Earlier studies of elite runners and elite triathletes came to the same conclusion as the UCL study.

The benefits of sports- and energy drinks: sugar and salts

Sports drinks burst onto the scene after the success of Gatorade, which was invented at the University of Florida in 1966 after doctors recognized that elite athletes suffer severe loss of salts and sugar due to sweating.

Aside from water, the key performance-maintaining and performance-enhancing ingredients in sports drinks like Gatorade are simple carbs (sugars) and electrolytes (salts, like potassium and sodium, and other minerals). Carbs serve as fuel for muscles during training and performance--they are absorbed quickly and promote muscle endurance. Salts maintain fluid balance and aid in muscle contraction and neural activity. Sports drinks are typically classified as isotonic, hypotonic, or hypertonic, depending on their concentration of salts and sugars.

The primary ingredient in energy drinks is caffeine or other stimulants, B vitamins, and, sometimes, simple sugars. Most sports and energy drinks also contain preservatives, like citric- and phosphoric acid.

The dark side of sports- and energy drinks: sugar and acids

Unfortunately, the simple sugars found in these beverages also make the mouth more inviting to sugar-loving bacteria, which leads to plaque, caries, gingivitis, and gum inflammation. Unlike solid sugary foods, when sugar is in solution, it completely coats the teeth, making it even easier for plaque to form. Plaque is a precursor to tartar, which leads to cavities and gum disease.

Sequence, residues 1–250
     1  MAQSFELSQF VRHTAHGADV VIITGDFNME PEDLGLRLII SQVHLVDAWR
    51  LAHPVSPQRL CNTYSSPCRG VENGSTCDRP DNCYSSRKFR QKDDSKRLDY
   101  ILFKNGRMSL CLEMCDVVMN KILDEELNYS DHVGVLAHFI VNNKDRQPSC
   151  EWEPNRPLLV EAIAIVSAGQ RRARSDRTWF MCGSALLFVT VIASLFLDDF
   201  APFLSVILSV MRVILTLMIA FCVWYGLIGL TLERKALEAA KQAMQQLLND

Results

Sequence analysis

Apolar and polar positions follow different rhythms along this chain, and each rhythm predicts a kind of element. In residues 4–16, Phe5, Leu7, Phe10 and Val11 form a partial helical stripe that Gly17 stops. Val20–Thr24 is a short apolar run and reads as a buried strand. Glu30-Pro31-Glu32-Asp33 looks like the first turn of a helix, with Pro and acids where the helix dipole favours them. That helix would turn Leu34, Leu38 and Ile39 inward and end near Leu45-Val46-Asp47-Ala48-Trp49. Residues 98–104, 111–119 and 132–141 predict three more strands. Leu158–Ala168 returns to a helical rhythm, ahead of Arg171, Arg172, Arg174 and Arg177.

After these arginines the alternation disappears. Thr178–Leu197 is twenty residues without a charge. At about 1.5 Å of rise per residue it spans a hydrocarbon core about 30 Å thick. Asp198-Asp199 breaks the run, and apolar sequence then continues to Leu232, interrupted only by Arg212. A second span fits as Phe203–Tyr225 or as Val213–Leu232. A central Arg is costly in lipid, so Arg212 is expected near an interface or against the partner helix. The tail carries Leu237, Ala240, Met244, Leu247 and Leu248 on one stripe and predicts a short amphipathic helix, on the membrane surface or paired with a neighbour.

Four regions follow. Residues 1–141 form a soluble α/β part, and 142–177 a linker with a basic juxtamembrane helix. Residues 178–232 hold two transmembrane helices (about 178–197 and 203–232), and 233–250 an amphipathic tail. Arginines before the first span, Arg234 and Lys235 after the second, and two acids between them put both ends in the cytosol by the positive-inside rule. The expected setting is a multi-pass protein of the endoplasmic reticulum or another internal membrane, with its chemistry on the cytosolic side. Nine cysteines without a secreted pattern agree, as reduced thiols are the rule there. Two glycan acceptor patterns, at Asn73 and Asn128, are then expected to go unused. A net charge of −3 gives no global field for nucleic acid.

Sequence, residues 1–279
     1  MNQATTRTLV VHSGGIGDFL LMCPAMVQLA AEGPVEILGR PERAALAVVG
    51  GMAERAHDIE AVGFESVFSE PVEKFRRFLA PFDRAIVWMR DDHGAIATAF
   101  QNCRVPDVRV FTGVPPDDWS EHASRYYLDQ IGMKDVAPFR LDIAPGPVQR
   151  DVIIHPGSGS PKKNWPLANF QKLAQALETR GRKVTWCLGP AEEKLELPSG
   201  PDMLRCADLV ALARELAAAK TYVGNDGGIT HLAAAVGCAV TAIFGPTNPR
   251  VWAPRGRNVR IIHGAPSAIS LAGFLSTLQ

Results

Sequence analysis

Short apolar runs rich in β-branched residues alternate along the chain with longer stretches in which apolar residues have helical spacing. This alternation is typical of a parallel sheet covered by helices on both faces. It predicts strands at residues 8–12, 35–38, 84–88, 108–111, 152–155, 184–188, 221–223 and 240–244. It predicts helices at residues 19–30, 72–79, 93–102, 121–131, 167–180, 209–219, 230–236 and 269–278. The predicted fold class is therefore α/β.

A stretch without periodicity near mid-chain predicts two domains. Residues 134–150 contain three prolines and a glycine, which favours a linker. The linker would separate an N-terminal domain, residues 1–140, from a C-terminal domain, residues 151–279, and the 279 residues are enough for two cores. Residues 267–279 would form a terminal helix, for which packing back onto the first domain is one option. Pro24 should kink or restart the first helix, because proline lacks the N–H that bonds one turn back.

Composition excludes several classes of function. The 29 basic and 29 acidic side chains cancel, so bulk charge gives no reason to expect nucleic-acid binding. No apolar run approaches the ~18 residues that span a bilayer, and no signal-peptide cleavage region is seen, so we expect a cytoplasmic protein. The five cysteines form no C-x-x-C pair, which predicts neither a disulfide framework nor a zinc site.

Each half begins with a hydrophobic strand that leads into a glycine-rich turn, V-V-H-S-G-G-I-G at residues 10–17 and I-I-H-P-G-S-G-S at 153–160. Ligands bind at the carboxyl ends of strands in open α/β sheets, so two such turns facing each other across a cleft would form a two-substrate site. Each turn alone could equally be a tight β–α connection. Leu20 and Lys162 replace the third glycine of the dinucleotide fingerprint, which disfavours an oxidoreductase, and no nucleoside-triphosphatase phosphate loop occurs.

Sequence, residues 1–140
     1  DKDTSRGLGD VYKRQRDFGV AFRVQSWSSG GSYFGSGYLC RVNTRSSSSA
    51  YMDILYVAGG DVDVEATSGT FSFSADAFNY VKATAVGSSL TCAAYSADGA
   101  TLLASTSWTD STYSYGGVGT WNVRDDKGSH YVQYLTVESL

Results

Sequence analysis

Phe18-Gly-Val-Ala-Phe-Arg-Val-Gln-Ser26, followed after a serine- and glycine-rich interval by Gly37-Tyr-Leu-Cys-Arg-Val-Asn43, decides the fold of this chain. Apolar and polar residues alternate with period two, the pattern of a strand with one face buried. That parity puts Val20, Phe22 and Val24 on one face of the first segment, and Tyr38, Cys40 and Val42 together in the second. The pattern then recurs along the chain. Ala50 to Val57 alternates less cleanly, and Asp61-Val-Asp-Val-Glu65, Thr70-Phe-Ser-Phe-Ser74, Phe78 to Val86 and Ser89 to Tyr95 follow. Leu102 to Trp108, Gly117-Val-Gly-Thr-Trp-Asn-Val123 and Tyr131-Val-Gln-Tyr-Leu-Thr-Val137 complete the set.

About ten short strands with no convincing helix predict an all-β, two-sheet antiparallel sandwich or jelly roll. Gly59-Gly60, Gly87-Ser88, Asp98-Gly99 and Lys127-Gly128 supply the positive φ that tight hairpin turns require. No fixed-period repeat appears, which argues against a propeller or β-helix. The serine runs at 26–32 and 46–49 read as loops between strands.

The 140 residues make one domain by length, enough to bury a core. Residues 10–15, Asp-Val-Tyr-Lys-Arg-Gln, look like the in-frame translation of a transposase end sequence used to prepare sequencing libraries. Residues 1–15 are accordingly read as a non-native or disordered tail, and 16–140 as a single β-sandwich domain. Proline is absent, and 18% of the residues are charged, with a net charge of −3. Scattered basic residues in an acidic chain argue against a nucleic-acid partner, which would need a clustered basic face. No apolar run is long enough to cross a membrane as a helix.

Worse yet, the mouth becomes more acidic due to the proliferation of these bacterial populations and due to the acids in the drinks themselves. That leads to tooth erosion, which exacerbates the aforementioned oral maladies.

But it’s not just the consumption of these ingredients that’s the problem. The primary concern is the high frequency in which they are consumed. For athletes who train multiple times per day, or for hours at a time, that could mean a constant stream of sugar and acid that is bathing the oral cavity for extended periods.

How to limit the damage that sports-and energy drinks can cause

If you’re an athlete, and you can’t go cold turkey with sports- and energy drinks, here is a list of actions you can take to protect your teeth and gums:

  1. After drinking the sugary drink, rinse your mouth with water to remove and buffer the sugars and acids that remain on your teeth and gums.